Indian Government scrapped off the duty on solar modules, making it simpler to import the merchandise after an immediate change in customs policy, which generated a logjam of shipments at Indian ports this year.
Several consignments of solar modules worth more than millions were organized for significantly more than 3 months at ports after Indian customs officials in August demanded that a number of them are classified as “electric motors and generators”, carrying a 7.5% import duty.
The finance ministry reversed the policy last month, stating in a notice that a lot of solar modules should revert for their original classification and that no tax should be levied on them.
Indian component makers have struggled to contend with Chinese companies such as Trina Solar and Yingli and have sought anti-dumping duties along with long-term safeguards.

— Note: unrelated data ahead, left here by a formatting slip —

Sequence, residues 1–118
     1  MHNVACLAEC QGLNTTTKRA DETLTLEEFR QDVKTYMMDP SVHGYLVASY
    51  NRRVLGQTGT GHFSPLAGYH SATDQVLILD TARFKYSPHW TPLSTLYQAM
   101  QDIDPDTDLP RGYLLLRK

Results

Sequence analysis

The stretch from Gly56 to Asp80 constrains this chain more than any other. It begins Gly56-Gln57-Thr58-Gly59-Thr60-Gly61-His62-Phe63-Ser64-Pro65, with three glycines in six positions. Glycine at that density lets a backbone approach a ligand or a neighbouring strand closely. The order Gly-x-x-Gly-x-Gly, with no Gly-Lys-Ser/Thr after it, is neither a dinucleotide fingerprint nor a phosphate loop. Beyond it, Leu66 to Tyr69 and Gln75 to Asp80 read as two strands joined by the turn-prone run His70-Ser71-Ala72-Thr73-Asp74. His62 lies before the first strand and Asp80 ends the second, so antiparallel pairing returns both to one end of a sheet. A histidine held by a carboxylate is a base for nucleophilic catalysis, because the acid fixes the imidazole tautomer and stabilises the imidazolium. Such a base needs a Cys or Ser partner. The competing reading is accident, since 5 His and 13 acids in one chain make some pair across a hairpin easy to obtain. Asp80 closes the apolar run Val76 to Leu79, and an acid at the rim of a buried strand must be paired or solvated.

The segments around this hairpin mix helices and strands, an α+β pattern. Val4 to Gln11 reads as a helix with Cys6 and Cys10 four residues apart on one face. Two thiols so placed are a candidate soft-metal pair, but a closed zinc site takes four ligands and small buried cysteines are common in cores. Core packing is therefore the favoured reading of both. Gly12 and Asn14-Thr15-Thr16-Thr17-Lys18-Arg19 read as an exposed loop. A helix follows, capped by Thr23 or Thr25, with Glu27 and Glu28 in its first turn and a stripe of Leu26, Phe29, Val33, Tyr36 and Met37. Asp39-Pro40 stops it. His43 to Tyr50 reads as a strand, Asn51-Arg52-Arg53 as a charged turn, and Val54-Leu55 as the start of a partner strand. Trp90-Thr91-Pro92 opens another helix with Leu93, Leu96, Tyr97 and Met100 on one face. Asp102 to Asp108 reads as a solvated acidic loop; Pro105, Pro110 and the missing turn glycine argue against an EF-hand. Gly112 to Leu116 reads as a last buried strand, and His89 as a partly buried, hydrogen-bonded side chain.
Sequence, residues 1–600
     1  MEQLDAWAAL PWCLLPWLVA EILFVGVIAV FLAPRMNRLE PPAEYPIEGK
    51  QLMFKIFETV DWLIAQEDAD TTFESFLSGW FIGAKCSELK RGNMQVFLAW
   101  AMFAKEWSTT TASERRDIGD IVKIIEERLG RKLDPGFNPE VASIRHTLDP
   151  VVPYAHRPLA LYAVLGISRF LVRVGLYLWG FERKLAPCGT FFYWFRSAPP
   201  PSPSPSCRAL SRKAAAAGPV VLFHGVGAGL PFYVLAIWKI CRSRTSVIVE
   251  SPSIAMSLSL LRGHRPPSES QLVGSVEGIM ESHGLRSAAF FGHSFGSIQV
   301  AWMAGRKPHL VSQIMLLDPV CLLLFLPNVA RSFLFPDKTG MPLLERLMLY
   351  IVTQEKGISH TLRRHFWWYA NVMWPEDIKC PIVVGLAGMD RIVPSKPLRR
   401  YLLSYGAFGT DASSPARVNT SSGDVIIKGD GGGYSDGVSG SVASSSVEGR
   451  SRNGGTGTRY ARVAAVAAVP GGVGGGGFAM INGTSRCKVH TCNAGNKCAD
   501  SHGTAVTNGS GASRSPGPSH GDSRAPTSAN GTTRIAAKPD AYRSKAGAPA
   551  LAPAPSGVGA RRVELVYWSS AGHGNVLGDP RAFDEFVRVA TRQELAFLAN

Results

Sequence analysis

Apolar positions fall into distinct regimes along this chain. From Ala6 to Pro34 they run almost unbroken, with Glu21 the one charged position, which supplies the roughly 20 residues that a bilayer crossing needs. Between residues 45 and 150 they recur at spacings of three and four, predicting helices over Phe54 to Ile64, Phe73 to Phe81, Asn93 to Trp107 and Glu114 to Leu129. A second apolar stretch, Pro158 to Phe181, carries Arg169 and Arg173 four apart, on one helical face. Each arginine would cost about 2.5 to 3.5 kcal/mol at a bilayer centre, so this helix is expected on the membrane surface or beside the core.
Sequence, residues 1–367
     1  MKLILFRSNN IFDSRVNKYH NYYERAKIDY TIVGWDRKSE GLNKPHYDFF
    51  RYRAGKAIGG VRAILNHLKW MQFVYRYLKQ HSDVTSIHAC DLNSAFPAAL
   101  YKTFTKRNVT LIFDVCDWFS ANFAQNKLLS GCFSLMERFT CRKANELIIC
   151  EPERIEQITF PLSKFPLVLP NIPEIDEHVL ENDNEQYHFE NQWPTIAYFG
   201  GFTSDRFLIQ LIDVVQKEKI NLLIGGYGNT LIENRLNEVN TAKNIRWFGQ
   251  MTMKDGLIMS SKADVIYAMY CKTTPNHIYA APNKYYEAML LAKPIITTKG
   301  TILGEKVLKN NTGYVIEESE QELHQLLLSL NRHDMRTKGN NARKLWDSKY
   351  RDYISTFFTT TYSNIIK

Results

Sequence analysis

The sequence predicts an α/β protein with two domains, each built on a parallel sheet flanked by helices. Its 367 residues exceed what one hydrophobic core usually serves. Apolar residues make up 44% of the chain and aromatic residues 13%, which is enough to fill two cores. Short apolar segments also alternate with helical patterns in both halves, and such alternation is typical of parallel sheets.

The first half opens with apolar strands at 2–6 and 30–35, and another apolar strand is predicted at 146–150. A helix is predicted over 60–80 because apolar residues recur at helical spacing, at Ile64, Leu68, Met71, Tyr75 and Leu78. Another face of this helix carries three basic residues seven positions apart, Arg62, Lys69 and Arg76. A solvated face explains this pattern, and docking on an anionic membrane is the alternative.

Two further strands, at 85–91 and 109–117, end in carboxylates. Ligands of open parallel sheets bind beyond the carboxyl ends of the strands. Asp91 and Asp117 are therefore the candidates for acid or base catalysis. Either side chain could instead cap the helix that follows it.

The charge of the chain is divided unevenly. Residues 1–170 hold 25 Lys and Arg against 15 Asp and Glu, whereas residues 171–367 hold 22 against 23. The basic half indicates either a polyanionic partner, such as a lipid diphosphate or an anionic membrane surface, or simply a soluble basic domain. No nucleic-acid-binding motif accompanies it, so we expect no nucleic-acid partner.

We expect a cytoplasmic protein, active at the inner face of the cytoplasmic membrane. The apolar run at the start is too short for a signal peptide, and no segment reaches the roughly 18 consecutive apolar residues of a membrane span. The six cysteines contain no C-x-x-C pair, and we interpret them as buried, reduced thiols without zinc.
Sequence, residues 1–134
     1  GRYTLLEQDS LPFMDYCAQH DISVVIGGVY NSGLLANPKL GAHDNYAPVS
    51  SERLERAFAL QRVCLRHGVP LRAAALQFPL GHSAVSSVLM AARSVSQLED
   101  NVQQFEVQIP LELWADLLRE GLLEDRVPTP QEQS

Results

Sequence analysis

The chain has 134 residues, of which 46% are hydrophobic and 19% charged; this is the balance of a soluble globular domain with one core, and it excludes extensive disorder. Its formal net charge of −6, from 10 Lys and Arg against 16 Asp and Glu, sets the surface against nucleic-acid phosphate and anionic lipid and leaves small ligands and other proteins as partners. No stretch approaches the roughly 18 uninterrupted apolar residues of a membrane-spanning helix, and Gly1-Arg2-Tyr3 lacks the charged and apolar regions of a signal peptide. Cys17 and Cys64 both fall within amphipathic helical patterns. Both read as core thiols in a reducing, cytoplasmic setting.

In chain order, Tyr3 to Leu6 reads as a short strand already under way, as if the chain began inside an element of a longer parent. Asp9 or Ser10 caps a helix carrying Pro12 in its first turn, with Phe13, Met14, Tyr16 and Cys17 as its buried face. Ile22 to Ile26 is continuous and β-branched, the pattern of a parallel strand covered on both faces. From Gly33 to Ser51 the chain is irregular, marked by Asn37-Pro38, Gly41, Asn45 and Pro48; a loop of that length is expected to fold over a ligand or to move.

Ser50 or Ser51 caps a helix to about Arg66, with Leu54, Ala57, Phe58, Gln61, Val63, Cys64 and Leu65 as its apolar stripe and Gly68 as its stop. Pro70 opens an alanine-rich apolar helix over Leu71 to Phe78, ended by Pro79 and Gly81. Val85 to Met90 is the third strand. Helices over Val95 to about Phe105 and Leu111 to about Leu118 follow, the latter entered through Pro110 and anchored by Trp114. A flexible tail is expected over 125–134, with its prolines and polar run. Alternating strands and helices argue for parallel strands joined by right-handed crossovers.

However, the logjam of shipments at ports posed a frustration for solar energy producers and threatened to delay Prime Minister Narendra Modi’s plan of nearly tripling the country’s total renewable energy capacity to 175 gigawatts (GW) by 2022.
The master plan has encouraged foreign investment in this sector, with Japan’s SoftBank and Goldman Sachs and others purchasing solar projects in India.
Any duty is bad news for solar energy producers such as SoftBank-backed SB Energy but best for local solar component makers such as Indosolar and Moser Baer.
The change in policy last year generated logjams because it wasn’t immediately clear which modules belonged to the newest classification. To help relieve this situation, customs officials agreed to release a shipment if importers paid a bank guarantee to cover any duty they would be needed to pay.
An executive at the Indian unit of Germany’s Enerparc, which had 30 of its containers stuck at the port of Chennai, said there is still some uncertainty about the method even although duty has been scrapped.